Two photographs of Monument Valley, which is the best?

I want your opinion!

I was recently in Monument Valley in Arizona and I created these two drastically different images of the landscape with the mittens. Photographed only 50m apart, these two images raise several questions about composition, viewer opinion and human impact on our environment. I want to know which image you prefer. Image #1: The Cedar Log and Mittens or Image #2: The Parking Lot.

Which one do you prefer and why? Leave your comment below.

74 thoughts on “Two photographs of Monument Valley, which is the best?

  1. From Engie

    I just read the results, and I agree. I would use the 2nd picture if you want to make people think. It is a great one to show how people try to urbanize nature……you see a wide street, one that you would see in a big city, but instead of the buildings or skyscrapers that you normally expect to see at the end of a street, you have a beautiful landscape. It is surreal. You actually wonder if it is graffitti on a wall in New York….(but obviously it isn’t).

  2. I like the second one. The first one looks like from any nature lover’s calendar. The second one is more interesting.

  3. Why should I choose? Both photographs I feel are beautiful but so different. It feels like comparing apples with pears.
    Well okay then, the second photo for me is exciting and mysterious. Surrealistic indeed.

    goodbye, Sija

  4. I have to agree that the parking lot shot is the the more interesting and would push me to reflect. The calendar shot is soothing, but not as much as just going out for a walk. It’s wistfull in this respect.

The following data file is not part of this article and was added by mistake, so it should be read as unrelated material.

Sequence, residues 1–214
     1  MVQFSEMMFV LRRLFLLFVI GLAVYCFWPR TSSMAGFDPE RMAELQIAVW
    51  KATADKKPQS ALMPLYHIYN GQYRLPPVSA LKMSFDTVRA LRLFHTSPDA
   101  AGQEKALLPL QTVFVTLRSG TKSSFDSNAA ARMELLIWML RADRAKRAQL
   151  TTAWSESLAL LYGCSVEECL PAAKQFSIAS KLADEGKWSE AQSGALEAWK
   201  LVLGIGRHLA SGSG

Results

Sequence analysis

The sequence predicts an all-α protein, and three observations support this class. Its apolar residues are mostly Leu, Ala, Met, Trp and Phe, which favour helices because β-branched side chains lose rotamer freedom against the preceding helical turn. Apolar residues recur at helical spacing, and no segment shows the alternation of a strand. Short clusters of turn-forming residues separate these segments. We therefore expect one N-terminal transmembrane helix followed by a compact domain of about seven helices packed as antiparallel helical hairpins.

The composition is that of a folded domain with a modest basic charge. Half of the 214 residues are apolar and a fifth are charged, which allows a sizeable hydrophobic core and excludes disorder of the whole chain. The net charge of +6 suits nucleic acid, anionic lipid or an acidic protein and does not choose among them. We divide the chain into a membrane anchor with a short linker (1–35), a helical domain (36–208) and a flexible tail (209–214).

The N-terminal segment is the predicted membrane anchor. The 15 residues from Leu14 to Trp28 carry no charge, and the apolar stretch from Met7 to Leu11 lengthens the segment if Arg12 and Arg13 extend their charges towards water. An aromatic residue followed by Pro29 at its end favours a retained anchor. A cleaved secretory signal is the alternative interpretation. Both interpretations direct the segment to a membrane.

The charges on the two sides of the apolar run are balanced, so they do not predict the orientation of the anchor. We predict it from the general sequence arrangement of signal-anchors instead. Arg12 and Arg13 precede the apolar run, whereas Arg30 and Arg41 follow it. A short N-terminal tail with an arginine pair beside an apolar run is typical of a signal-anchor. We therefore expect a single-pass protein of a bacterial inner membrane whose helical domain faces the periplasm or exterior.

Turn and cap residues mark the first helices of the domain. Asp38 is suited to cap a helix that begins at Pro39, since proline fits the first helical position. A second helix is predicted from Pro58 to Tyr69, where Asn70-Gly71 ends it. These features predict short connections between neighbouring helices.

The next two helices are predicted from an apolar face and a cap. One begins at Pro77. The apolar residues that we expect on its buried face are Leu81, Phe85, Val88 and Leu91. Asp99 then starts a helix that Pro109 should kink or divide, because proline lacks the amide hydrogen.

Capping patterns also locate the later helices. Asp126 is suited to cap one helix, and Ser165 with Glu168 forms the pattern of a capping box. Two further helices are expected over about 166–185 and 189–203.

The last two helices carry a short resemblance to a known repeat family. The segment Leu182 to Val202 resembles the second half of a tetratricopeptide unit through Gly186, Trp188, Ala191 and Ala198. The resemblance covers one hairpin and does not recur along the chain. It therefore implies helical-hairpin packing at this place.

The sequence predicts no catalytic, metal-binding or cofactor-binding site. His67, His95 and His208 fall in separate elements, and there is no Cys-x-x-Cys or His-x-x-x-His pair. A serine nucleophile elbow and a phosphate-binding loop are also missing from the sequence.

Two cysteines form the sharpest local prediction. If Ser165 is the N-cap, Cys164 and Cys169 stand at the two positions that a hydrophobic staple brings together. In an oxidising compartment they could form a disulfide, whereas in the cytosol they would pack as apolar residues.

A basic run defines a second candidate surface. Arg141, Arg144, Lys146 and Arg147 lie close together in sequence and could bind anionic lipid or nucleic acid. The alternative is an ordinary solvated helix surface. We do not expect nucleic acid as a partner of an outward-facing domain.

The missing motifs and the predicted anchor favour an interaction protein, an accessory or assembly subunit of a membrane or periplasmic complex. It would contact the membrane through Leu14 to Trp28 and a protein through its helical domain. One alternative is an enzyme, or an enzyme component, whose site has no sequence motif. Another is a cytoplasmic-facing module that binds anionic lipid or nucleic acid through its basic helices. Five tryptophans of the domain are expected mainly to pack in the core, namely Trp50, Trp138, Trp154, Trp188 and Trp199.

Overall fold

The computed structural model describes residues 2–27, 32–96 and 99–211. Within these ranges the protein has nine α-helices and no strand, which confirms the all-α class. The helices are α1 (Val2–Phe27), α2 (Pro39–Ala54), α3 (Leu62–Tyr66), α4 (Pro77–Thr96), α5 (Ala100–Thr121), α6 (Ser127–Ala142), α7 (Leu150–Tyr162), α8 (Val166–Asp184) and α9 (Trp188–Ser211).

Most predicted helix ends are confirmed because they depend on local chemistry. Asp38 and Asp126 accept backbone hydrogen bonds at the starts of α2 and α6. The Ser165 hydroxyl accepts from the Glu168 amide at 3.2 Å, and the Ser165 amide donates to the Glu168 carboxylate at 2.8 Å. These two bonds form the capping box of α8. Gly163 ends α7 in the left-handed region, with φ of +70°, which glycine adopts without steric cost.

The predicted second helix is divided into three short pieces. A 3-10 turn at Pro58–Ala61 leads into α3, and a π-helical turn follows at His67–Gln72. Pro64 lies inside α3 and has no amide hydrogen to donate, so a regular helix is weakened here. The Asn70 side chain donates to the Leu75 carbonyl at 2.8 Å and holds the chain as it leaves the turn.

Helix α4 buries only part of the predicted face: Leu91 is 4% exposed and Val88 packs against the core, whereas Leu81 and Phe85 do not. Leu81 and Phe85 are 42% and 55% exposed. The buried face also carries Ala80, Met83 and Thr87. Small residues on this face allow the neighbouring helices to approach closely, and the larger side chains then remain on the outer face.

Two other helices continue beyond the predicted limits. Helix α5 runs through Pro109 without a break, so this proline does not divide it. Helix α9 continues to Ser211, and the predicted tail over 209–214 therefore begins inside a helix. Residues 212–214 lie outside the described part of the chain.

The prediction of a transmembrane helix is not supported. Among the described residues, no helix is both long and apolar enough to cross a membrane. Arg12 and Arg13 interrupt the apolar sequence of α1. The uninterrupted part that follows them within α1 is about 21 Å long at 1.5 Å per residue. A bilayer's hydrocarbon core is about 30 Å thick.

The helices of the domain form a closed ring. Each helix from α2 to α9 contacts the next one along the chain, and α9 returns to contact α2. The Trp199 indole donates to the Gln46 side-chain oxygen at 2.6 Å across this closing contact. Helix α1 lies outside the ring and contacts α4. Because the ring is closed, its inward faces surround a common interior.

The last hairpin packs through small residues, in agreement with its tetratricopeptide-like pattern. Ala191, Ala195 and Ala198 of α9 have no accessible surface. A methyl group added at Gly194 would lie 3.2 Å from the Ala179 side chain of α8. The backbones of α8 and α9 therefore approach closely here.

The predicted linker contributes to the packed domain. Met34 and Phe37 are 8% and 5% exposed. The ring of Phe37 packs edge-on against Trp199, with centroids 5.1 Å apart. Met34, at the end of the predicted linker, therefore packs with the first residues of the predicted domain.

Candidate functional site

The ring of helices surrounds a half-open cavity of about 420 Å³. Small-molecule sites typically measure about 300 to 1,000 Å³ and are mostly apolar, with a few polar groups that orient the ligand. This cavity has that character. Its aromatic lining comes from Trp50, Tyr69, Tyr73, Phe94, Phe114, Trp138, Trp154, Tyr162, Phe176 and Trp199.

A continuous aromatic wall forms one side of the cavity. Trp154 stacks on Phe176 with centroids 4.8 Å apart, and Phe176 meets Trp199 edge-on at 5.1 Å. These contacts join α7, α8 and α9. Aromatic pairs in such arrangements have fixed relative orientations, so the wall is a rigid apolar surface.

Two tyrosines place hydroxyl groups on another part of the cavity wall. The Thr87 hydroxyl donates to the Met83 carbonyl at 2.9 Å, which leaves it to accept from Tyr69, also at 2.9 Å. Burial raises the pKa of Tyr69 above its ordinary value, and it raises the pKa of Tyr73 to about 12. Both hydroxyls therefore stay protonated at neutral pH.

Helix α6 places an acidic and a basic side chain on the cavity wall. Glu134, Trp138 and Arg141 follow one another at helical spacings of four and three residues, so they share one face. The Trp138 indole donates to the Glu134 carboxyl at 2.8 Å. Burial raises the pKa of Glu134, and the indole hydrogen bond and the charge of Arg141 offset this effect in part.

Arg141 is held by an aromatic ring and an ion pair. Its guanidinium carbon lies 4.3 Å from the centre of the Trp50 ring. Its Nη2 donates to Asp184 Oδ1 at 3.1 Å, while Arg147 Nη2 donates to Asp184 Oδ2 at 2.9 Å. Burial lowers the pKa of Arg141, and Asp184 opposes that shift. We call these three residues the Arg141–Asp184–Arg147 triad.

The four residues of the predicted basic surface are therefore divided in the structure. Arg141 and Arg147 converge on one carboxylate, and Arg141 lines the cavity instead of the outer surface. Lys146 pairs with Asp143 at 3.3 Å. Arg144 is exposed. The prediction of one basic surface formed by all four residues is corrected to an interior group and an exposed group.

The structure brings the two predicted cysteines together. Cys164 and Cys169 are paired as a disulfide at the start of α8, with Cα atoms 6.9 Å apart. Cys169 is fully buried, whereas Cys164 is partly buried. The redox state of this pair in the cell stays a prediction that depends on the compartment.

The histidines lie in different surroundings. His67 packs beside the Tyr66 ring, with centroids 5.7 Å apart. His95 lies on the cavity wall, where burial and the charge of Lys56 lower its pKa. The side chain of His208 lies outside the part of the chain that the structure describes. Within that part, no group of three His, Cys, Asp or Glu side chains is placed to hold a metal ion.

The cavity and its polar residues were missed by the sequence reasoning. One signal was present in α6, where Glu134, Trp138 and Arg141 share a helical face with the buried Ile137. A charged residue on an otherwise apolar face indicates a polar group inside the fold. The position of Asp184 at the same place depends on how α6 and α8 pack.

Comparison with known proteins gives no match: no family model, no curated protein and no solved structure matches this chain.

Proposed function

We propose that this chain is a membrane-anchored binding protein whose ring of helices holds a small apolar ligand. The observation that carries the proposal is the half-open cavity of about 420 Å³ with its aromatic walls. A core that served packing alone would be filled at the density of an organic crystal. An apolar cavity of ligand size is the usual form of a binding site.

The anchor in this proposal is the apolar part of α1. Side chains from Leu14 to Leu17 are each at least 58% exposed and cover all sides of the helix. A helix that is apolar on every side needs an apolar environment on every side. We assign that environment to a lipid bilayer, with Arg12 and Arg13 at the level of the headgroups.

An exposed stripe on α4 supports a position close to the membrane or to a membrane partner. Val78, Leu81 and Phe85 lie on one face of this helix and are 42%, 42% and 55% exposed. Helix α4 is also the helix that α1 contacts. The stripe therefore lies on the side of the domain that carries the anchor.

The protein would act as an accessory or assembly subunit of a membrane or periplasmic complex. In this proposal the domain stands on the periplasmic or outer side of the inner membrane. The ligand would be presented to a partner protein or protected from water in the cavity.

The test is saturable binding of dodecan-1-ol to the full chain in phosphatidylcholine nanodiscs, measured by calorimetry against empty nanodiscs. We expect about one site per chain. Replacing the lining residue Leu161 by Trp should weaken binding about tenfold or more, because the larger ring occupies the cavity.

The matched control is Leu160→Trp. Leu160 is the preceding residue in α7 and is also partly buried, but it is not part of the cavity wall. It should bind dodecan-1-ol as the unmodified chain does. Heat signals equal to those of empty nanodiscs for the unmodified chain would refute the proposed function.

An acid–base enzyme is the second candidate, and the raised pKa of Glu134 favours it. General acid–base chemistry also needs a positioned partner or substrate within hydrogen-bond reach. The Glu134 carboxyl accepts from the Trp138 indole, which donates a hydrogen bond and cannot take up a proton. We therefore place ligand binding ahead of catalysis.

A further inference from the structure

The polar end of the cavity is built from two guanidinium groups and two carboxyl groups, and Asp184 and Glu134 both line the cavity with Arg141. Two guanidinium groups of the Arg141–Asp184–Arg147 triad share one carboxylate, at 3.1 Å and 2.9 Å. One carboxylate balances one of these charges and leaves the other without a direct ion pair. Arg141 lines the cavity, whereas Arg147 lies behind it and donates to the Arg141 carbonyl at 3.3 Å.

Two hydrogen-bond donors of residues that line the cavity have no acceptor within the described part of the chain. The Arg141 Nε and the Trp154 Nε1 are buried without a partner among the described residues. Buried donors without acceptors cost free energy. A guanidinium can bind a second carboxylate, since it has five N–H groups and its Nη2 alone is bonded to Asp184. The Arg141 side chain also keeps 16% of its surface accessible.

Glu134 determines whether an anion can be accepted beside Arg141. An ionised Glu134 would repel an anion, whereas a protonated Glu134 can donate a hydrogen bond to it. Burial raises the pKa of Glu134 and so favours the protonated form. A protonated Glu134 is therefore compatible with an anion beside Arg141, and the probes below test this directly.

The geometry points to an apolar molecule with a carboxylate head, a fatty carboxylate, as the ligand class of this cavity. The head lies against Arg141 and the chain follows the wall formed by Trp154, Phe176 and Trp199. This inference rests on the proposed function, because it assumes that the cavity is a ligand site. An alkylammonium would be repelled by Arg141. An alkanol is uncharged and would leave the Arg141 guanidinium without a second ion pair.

5. Without a doubt I “prefer” photograph 1. It shows the beautiful grandeur of nature. Photograph 2 is of course illustrates how much disregard we have for nature. I’m an old guy so perhaps I don’t need to be reminded of how we are degrading the planet – I see that every day.

    As a teacher I would suggest that people, especially today, and especially young people, have so little contact with the beauty of nature (and so much contact with the urban/human built world) that photograph 2 may not have as much impact as you think. Most people don’t even know that the setting in photograph 1 exists. People have to know “what they’re missing” before they will be motivated to take action.

    Think of if this way – Photo 2 is especially dramatic BECAUSE it follows a viewing of photo 1. You view #1 think “beautiful” then view photo 2 and think “how sad.” On it’s own, the unfamiliar viewer of #2 would not appreciate what is “at stake”.

    I suppose not an option, but the pair of photos should be exhibited together.

  6. For me, what does it is the contrast. I would anly vote for both photographs together…

  7. They’re both stunning, but I would say it depends on the context for which you’re planning to use them. Personally the aesthetic of the first shot appeals to me more than the second.

  8. #2. It implicates man in nature, affirms a relationship. The first one reinforces a notion of distance, nature as exterior. There’s also a nice symbolism to the arrows and the crosswalk, it suggests a choice / agency on our part. Also, nice composition!

  9. I prefer the fist picture because the beauty of the environment. I like the second but it cuts the beauty of the scenery. JN

  10. I like the second photo, of the crossroads. The photo implies that the viewer can choose a “third way” (off the edge of the road) that has nothing to do with the built environment (the arrows pointing forwards and backwards). The “STOP” sign invites the person travelling to consider their choice before acting upon it.